Follow Slashdot stories on Twitter

 



Forgot your password?
typodupeerror
Slashdot Deals: Prep for the CompTIA A+ certification exam. Save 95% on the CompTIA IT Certification Bundle ×

Comment The ITIL approach sucks for security (Score 4, Interesting) 192

The problem with vulnerabilities is when you are in an organization where simple patching is overmanaged to death so that the patches are never applied in a timely manner.

As I have discovered, it is a lot better in a legal sense to leave things unpatched. The patching requires downtime, it adds nothing to business, it introduces risks to the system of a failed change. If the patching screws up, then YOU take the blame.

It is just MUCH easier to leave the vulnerability unpatched and tolerate getting hacked. Reason? Because then somebody else takes the blame. It wasn't you, Mr. System Admin, who broke the system, but someone else. Therefore, it's not your fault. You can walk away with your paycheck as the system explodes in the background. If you noticed the vulnerability and made plans to patch it, and it doesn't get patched due to some bureaucratic ITIL wrangling, you can just walk away from the carcrash.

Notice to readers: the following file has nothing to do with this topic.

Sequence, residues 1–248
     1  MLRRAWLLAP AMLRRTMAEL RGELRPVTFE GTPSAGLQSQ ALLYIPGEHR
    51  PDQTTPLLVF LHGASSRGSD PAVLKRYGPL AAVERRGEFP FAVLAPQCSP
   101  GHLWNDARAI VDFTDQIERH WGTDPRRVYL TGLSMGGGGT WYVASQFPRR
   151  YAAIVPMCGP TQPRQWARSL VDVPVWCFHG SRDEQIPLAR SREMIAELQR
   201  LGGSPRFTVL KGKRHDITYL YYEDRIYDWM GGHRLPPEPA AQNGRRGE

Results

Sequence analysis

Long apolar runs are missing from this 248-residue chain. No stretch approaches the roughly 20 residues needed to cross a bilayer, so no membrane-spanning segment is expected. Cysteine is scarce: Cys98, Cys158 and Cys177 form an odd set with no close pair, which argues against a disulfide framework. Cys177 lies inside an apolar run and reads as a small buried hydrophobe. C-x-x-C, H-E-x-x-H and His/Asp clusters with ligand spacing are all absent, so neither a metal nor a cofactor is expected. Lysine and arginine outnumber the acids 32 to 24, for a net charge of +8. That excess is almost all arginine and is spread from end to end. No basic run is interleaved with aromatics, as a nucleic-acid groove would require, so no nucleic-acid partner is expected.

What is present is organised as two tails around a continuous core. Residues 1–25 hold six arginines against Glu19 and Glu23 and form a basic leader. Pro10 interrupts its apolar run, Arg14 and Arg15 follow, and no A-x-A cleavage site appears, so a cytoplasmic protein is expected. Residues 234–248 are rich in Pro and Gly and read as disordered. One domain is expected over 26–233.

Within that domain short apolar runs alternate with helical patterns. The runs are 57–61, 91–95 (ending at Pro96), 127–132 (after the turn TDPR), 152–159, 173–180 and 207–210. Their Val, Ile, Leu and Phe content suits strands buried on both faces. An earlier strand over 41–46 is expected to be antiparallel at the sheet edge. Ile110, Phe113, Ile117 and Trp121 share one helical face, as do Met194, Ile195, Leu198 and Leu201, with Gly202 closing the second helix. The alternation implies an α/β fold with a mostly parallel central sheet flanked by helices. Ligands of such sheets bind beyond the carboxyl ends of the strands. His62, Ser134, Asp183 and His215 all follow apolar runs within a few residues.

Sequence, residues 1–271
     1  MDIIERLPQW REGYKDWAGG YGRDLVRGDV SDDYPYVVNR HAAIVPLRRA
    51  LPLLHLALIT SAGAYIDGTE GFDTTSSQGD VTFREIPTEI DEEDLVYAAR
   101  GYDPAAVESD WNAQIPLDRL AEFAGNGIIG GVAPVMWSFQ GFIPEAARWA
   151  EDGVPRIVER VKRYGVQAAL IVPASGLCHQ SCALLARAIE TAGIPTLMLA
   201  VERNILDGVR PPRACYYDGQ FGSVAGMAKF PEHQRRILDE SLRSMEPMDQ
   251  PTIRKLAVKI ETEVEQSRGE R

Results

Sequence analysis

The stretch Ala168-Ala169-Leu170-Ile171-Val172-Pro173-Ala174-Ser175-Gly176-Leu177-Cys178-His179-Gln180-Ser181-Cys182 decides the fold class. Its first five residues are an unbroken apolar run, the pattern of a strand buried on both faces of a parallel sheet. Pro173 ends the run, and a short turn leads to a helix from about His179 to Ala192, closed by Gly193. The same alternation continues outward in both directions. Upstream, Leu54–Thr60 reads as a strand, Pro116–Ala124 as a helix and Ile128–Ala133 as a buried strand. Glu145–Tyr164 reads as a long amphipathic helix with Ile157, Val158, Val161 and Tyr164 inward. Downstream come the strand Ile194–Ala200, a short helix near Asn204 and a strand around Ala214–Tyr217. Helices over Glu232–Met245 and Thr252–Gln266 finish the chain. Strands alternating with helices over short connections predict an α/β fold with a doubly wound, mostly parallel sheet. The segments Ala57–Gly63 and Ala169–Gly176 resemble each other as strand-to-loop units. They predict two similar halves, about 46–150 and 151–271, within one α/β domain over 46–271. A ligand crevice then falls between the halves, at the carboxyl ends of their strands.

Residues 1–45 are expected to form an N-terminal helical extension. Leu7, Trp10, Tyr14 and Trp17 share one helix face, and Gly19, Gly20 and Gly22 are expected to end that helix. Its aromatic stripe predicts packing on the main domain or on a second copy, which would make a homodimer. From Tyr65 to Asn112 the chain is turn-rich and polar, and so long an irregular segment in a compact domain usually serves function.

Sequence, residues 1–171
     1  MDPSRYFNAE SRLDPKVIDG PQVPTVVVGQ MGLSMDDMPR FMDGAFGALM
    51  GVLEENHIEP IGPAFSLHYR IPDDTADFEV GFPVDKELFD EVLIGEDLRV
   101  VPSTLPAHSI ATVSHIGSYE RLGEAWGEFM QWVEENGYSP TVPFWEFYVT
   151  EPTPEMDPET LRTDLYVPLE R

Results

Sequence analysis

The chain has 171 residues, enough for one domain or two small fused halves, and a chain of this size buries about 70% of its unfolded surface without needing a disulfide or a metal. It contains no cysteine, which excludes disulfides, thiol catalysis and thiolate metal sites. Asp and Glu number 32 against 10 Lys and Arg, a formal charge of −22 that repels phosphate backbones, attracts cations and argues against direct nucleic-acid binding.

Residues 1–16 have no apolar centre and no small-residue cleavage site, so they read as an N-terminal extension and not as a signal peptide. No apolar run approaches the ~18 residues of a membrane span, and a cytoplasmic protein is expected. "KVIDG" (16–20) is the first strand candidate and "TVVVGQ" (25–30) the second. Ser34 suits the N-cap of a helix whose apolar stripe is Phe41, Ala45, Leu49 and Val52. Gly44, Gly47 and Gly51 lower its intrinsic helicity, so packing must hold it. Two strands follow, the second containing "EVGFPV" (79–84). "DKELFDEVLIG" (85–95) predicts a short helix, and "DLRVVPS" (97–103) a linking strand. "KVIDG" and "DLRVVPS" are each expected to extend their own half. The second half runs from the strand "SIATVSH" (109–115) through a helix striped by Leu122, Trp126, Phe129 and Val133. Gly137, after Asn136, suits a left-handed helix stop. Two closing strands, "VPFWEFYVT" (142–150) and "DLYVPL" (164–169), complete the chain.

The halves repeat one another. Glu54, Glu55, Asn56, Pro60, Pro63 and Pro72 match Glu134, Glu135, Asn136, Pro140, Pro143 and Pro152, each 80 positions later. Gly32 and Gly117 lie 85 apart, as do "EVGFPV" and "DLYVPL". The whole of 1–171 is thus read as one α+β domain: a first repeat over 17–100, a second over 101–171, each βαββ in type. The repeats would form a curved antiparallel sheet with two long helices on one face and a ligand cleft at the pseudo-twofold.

Patching vulnerabilities just isn't a priority for many IT environments.

Comment If you think suspend is bad (Score 1) 378

...wake from suspend is a whole lot worse.

Tried getting my wireless logitech keyboard to wake up my ubuntu-installed intel NUC to wake from sleep, but I can't get it to work.
Logitech's Unifying receiver can wake from sleep on Windows out of the box, but ubuntu needs hacks and tweaks... of which I can't get to work.

Having to get out of the chair and lean over to hit the power button on the computer should not be a feature when there's a wireless keyboard on the couch.

Comment Re:Keen redefined (Score 1) 26

Just because you don't deal with Microsoft or Windows Server in your daily life doesn't mean that there aren't a lot of places that use it.

Like it or not, there are many companies who have run Windows Server as legacy and then migrate to the newer versions when the time arises.
They do this because the applications they want to run are all on the Windows platform! Surprise!

Now, we can start OS wars about the technical merits of Linux vs Windows.... but the fact of the matter is, if the app the business runs is on Windows Server, then the server going to run Windows Server, and that is the end of the conversation.

As a consultant, you often walk into Windows shops and have to deal with real companies, and their very real business needs.
If you work in-house for a company and have the latitude to enforce Linux company-wide, or you're an ISP or something, then good for you.... but you're in a minority.
If you are mostly a Linux enterprise environment, you're probably dealing with the horror that is Oracle.
That's enough to make companies jump into Microsoft's arms.

Besides, I'm looking to Windows Server 2016 to support SSH so I don't have to install Cygwin to get it.

Comment Re:Colony Collapse Disorder is for BEES! (Score 1) 174